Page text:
“Say it loud, say it clear. Refugees are welcome here.”
This was the refrain sung out by about 500 strong demonstrators at Sydney’s George Street on July 20. It didn’t take long before I figured that the demonstration was about the Regional Refugee Arrangement (RRA) between Australia and its former territory, Papua New Guinea (PNG) which had been signed the day before (July 19). As the throng sang it louder, the message became clearer. Being a passer-by in Sydney and a non-citizen observer, the valour to rally for human rights was admirable, although hardly surprising.
Australian people are known to value liberty and equality in the spirit of egalitarianism and multiculturalism. These values underpin the Australian character for courage, endurance, mateship and sacrifice; the epitome of Australian Diggers on the Kokoda Campaign.
Being a Papua New Guinean I automatically became keen to know what ordinary Australians say about my country’s involvement in the ALP’s “PNG Solution”. So I became a ‘fly on the wall’ and joined the throng of demonstrators down George Street to Town Hall. At Town Hall, the message about human rights and the reprove of children in detention centres still rang loud. The inevitable, nonetheless was obvious, PNG does not have the capacity or the resources to process tens of thousands of refugees or have them adequately resettled there. Many demonstrators expressed fear about what they know, have heard, read or have experienced regarding PNG. Others used extracts from the Smart Traveller website and some even used Malaria infestation. There is no denying that any of those assertions and the context in which they were made were of genuine concern. I thought it was fair dinkum.
On the days that followed, the media brought new dimensions to the debate on RRA and Prime Minister Kevin Rudd’s hard-line approach to ‘stopping the boats’. Sadly, many labelled PNG a ‘hellhole’ to sensationalize the matter.
PNG can be many things to many people here; but using such a condemnation to criticise a government policy is preposterous. A growing number of PNG people share similar values and sentiments about human rights and individual liberty, even in adverse circumstances of socio-economic difficulties and public accountability.
While the country’s long-term economic prospects look promising with its mineral and hydrocarbon resources, particularly its multi-billion dollar Liquefied Natural Gas project as its significant driver for growth, development and poverty reduction. The socio-political dynamics of the country render these prospects fragile ones.
The health indicators however, are less comparable. With more than 80% of the population living in rural areas, infant mortality and maternal mortality rates are astounding. The World Health Organisation (WHO) estimates a rate of 49 per 1000 live births and 733 per 100,000 live births respectively. Accessing basic health services is often difficult and sometimes impossible due to physical remoteness and geographical barriers, cultural restraints or inadequacy in health facilities and infrastructure.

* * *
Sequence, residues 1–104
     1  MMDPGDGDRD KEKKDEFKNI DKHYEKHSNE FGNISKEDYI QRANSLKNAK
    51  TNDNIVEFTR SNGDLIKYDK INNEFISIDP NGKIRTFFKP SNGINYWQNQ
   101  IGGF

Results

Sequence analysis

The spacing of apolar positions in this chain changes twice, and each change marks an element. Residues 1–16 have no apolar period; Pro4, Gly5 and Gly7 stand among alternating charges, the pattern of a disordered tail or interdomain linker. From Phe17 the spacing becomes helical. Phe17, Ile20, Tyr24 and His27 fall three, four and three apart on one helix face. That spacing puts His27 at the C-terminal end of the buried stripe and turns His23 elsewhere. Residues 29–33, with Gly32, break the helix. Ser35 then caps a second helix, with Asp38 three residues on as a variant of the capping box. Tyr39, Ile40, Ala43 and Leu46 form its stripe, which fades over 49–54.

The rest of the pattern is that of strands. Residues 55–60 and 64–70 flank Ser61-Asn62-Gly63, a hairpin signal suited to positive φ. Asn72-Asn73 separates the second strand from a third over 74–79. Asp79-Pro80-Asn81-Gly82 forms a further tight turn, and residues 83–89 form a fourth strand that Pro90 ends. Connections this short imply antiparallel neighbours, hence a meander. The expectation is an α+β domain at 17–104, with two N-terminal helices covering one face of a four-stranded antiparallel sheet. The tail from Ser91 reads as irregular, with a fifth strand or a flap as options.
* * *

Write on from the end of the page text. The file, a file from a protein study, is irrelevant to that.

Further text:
In October last year, the Couriermail ran the story of Catherina Abraham, a young PNG woman on a mercy mission to Cairns Base Hospital in northern Queensland seeking treatment for tuberculosis. Her case, unfortunately, was extreme. She was diagnosed with Extensive Drug Resistant Tuberculosis (XDR TB). XDR TB is an incurable form of TB. The options for treatment are extremely limited if not impossible. Catherina spent almost a year in isolation until her passing in March this year.
TB eradication remains a stiff challenge for many developing countries. For PNG, the task is enormous, because it has reached epidemic proportions. It requires significant investment not only for vaccination and treatment, but also in research and development. There is optimism nonetheless, as collaboration, research, and investment in medical science is gathering momentum globally. Young Papua New Guineans are on board in this exciting endeavour in various cutting edge researches and academic programs about Malaria, TB, HIV/AIDS, and other emerging diseases. Many of these researchers are in collaboration with many equally determined young medical and bio-medical scientists in institutions around Australia. For UNE the potential for any such collaboration is strong at the School of Rural Medicine and School of Health and the School of Science and Technology. Its comparative advantage in online delivery of programmes is a suitable strategy for medical research institutions in PNG to engage.
For the moment though, the all-too-important bilateral arrangement between the two countries over Manus Island hangs in the balance as new Liberal Government takes over.